Canada Life has highlighted two ‘retirement journeys’ that are increasing dramatically among consumers and will the insurer says will reshape the market for advisers over the next 15 years.
This comes as the number of over 60s is expected to grow by a third, to 20.9m people by 2035.
The analysis, conducted by forecasting agency Trajectory Partnerships, found that retirement experiences are fragmenting, having been impacted by changes in how we spend our time, accumulate and spend wealth, the rise in individualism and the declining relevance of social norms.
The two retirement journeys which will grow the most in size over the next 15 years are:
Complex Families, Complex Finances – this group of retirees currently account for 32% of the over 60s market but is expected to be the largest group by 2035. These retirees’ family situation complicates their financial needs and planning. They are possibly on their second marriage and taking care of both their children and their parents’ financial needs.
Late Financial Bloomers – are characterised by achieving financial stability later in life. People in this group are likely to have got married, bought their first property and had children later in life, meaning they have less time to accumulate wealth. Currently they make up just 6% of the market but are expected to grow significantly over time.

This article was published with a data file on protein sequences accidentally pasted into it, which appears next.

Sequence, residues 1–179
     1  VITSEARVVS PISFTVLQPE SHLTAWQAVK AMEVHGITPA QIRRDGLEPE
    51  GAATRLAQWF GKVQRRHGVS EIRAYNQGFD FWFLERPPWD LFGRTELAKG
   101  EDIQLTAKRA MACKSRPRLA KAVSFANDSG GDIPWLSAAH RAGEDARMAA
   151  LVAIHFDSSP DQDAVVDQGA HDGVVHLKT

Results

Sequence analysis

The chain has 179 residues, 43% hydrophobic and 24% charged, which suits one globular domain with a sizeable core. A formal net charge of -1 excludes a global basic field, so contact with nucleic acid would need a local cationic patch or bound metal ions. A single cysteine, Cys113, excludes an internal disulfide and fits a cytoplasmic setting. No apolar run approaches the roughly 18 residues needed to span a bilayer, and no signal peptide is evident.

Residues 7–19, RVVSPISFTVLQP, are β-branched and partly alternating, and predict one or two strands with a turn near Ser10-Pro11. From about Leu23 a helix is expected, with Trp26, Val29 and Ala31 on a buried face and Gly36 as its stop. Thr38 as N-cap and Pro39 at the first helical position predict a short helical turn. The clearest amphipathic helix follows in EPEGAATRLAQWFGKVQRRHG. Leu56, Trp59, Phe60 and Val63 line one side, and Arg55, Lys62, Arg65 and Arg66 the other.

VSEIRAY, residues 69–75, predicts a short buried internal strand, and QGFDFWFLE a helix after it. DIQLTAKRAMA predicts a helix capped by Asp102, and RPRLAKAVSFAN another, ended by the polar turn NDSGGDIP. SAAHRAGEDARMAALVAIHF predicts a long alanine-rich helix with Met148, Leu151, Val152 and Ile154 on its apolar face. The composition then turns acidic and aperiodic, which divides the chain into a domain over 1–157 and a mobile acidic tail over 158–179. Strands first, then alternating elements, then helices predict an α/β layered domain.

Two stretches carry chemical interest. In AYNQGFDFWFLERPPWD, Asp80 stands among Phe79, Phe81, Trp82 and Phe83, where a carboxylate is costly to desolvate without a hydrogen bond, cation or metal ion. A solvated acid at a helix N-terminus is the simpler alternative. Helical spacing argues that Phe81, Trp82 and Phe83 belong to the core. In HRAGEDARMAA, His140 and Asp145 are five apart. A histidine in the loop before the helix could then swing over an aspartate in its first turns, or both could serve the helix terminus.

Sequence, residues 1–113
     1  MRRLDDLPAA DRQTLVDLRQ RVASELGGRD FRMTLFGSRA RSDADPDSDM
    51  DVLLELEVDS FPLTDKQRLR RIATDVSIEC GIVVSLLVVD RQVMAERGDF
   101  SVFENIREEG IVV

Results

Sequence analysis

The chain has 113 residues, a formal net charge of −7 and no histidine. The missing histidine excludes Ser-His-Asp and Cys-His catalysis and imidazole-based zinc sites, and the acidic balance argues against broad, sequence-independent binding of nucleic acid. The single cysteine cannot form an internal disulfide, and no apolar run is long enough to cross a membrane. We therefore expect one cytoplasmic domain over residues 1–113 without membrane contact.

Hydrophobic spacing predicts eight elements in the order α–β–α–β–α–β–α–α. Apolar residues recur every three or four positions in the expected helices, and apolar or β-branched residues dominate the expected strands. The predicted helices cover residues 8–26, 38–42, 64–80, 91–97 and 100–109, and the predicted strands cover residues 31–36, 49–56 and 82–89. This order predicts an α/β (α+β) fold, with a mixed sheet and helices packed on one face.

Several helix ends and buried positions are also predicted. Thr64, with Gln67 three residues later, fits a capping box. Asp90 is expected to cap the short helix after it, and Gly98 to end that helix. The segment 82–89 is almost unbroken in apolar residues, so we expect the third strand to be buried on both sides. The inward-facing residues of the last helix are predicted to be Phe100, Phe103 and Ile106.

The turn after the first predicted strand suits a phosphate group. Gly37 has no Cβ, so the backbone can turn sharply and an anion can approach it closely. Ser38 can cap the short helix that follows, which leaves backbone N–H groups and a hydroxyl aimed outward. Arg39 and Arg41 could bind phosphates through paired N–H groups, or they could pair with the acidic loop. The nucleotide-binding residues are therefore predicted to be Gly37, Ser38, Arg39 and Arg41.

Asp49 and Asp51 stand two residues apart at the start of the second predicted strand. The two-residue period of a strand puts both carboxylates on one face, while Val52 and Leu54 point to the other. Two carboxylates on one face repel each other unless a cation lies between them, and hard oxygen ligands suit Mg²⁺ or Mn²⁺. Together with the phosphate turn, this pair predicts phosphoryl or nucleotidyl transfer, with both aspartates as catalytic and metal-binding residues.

Canada Life says that currently the majority of advisers’ business models cater to retirees that are Financially Mature and Stress Free – those with strong financial foundations due to good fortune in their family and working lives. However, this group makes up just 21% of the market today and is expected to decrease as a proportion of the total market over the next 15 years.
Sean Christian, managing director, wealth management division, Canada Life UK, said: “With those over 60 set to grow exponentially in the next 15 years there is an obvious opportunity for advisers. However, these new retirement journeys show us that the opportunity is fragmenting and focused in new areas.
“Societal changes have, and will continue to have an impact on the way we live in retirement, changing both the lifestyles and advice needs of clients. Unless the industry shifts its focus to support the clients that need them, we will collectively miss out on the opportunity to enable these people to have better financial futures.”
The other retirement journeys that the analysis identified are:
Healthy But Not Wealthy (18% of today’s market) – retirees on this journey stay healthy and active later into life, despite not having a huge amount of wealth. In some instances their healthy behaviours may be economically necessitated.
Unhealthy And Not Wealthy (23% of today’s market) – these retirees are left behind in the retirement revolution. They suffer from poor health and finances and the connection between the two makes it difficult to break the cycle.
Christian added: “It’s essential for us to lead positive change in the industry by thinking about future generations today. At Canada Life we’re entering an ambitious growth period and partnering with advisers to create the financially secure retirements of the future is a big part of our vision.
‘It’s no secret that ‘retirement’ will mean something very different in 20 years’ time and by working alongside advisers now to support them in future-proofing their businesses, we will all be ready to support the clients of today and tomorrow.”